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News & Events
Policies and Programs
Best Practices in Equitable Development: San Francisco · Oakland · Richmond
In the Cities of San Francisco, Oakland, and Richmond, community-based organizations and city departments won regional funds to increase equity and address displacement as part of their ongoing planning efforts.
A 2-page handout for Planners on limiting displacement
Final Development Without Dispacement Report
Table of Contents:
When major transit investments spur new development, low-income residents can face evictions, loss of community or cultural centers, or pressure to sell their homes. In February 2008, through an Environmental Justice Grant from Caltrans, ABAG began a Development without Displacement program to increase regional and local understanding of gentrification and displacement, and in particular increase awareness of equitable development policies that jurisdictions can use to capture the benefits of new growth for their current residents.
The map to the right shows that 40% of the region's Priority Development Areas are located in communities of color or in low-income neighborhoods. (Please right-click on the map to download a full-size, printable copy.) Communities of color have 70% or more households that are African American, Asian American, Hispanic or Latino, American Indian or Alaska Native, Native Hawaiian or other Pacific Islander, or Multi-Racial. In low income areas, 30% or more of the households earn below 200% of the federal poverty level. In every neighborhood, FOCUS supports an inclusive, equitable development framework and public benefit planning.
Led by ABAG, the grant also funded work by two consultants, the Center for Community Innovation at the University of California - Berkeley and the national organization PolicyLink, as well as three anti-displacement engagement processes in the cities of Oakland, Richmond and San Francisco.
ABAG has partnered with PolicyLink to release an Equitable Development in Transit-Oriented Development Toolkit reflecting the unique conditions of transit-oriented neighborhoods. Since combined housing and transportation costs can make up the majority of a household's expenses, creating and maintaining affordable housing near public transit helps make the Bay Area an affordable place to live. For cities that are already building TOD, the full Equitable Development Toolkit presents a broader selection of policies, from affordable housing to commercial revitalization, that both advocates and local governments can use to connect low-income residents and workers to the benefits of new growth.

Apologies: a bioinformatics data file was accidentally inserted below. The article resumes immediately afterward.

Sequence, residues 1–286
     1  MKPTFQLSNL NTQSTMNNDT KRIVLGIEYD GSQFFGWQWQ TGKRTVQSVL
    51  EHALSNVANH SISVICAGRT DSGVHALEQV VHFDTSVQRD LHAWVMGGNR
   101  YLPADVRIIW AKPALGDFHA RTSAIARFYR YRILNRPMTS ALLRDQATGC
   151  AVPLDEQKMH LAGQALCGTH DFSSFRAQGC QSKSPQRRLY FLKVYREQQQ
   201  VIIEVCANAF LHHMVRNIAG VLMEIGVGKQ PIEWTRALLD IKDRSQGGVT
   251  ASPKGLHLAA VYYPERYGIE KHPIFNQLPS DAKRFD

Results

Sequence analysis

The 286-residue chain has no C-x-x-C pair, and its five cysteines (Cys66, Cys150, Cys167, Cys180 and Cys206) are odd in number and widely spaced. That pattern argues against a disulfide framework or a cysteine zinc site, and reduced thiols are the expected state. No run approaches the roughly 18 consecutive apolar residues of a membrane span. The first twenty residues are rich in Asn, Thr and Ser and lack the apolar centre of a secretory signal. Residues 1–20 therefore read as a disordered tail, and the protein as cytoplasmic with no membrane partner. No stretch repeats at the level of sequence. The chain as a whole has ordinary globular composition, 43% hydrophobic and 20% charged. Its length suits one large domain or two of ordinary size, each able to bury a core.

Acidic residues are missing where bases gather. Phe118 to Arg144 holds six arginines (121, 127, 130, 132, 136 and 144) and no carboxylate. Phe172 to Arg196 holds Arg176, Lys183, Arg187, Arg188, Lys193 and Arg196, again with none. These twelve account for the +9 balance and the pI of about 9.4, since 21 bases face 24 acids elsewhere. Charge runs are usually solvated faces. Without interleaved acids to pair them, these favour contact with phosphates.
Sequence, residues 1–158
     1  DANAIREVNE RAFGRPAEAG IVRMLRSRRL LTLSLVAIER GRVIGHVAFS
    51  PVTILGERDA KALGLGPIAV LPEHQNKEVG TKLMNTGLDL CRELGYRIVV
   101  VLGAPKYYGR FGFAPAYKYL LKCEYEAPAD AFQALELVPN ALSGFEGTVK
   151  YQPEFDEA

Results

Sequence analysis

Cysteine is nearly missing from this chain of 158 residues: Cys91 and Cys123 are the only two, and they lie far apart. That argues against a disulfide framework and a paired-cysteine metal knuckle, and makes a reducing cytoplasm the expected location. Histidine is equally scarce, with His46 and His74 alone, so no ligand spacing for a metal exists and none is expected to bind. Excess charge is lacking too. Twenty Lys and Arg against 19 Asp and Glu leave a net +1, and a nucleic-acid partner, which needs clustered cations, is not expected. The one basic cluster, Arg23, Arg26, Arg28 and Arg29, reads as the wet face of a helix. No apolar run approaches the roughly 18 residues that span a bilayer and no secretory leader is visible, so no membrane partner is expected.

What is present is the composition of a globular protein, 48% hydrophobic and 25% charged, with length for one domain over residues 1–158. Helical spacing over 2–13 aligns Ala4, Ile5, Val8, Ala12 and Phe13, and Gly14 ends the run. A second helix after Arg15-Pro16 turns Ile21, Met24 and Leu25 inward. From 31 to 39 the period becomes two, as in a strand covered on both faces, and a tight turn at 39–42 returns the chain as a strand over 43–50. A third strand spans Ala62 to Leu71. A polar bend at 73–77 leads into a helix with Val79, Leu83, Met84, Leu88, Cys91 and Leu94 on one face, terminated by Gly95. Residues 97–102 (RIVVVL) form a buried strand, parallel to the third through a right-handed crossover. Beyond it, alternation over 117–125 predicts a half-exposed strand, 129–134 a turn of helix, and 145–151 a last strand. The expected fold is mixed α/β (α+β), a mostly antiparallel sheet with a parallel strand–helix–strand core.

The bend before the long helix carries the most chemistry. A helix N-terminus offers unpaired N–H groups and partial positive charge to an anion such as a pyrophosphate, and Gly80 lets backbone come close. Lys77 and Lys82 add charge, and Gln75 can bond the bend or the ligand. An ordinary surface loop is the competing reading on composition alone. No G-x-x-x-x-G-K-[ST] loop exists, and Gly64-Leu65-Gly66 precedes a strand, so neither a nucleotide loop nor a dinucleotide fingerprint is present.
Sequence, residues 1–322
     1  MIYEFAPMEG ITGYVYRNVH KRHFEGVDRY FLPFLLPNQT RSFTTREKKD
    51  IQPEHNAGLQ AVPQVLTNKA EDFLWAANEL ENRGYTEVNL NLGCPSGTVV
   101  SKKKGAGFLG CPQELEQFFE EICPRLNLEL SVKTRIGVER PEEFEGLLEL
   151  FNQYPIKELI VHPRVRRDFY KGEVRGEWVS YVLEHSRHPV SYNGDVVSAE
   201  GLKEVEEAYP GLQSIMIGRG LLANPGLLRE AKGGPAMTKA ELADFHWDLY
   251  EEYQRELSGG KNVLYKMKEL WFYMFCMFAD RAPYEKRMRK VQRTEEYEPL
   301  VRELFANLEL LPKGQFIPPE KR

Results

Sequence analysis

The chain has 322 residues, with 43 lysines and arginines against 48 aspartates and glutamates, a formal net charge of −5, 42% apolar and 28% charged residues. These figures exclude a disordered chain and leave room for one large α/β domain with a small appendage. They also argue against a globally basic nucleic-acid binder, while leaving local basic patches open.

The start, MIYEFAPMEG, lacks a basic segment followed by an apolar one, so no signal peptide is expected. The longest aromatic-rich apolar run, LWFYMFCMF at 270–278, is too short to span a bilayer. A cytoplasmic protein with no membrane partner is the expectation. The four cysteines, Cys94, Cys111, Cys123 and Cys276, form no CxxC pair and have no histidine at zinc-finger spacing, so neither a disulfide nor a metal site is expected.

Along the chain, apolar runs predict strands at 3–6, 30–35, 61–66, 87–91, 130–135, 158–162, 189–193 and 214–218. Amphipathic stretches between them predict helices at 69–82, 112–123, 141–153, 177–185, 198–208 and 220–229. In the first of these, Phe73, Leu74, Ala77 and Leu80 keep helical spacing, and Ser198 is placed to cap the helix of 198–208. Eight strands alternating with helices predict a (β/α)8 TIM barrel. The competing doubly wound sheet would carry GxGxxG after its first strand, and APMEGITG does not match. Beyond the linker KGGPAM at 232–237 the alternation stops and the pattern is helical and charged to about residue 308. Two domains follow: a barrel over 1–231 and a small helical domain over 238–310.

The Center for Community Innovation at UC Berkeley (CCI) has used census data to map which FOCUS Priority Development Areas have gentrified or are likely to gentrify over the coming years. Gentrification is defined as
ABAG has been involved in past efforts that focus on specific equity-related issues, such as schools, healthy food access, and job creation.
For more information, please contact Marisa Raya, ABAG Regional Planner, at
510.464.7926 or Marisar@abag.ca.gov
Best Practices in Equitable Development: Engaging and Supporting Low-income Communities of Color in Planning
In the Cities of San Francisco, Oakland, and Richmond, community-based organizations and city departments won regional funds to improve equity in their existing plans. Here are some of the planning projects they created:
The City of San Francisco and the Mission Economic Development Agency (MEDA) established a multi-part program to secure a minority-dominated commercial street surrounded by transit-oriented development. The program included a survey and education for local business owners, commercial lease workshops in Spanish, and a detailed examination of area zoning and design policies to limit the displacement of local busineeses.
The City of Oakland and Asian Health Services, a health care provider for Oakland’s Chinatown, engaged over 1000 Chinatown residents and workers in the Lake Merritt Station Area Plan. Many participants did not speak English; despite this obstacle, they collaborated on a set of priorities for the upcoming plan and secured seats on a Stakeholders’ Committee that will monitor the planning process. Richmond
The City of Richmond and the Richmond Equitable Development Initiative (REDI) held a number of public meetings and a summit on foreclosures and creating long-term, stable and affordable housing. REDI prepared this report to show how the national crisis is impacting communities in Richmond, California and to emphasize the need for solutions that minimize this critical situation. A second report outlines how a community land trust (CLT) could be created in Western Contra Costa County to acquire and rehabilitate vacant bank-owned foreclosed homes. The City of Richmond passed a Just Cause Ordinance to protect tenants of foreclosed homes, and incorporated a number of sophisticated housing strategies into a federally-funded Neighborhood Stabilization Program.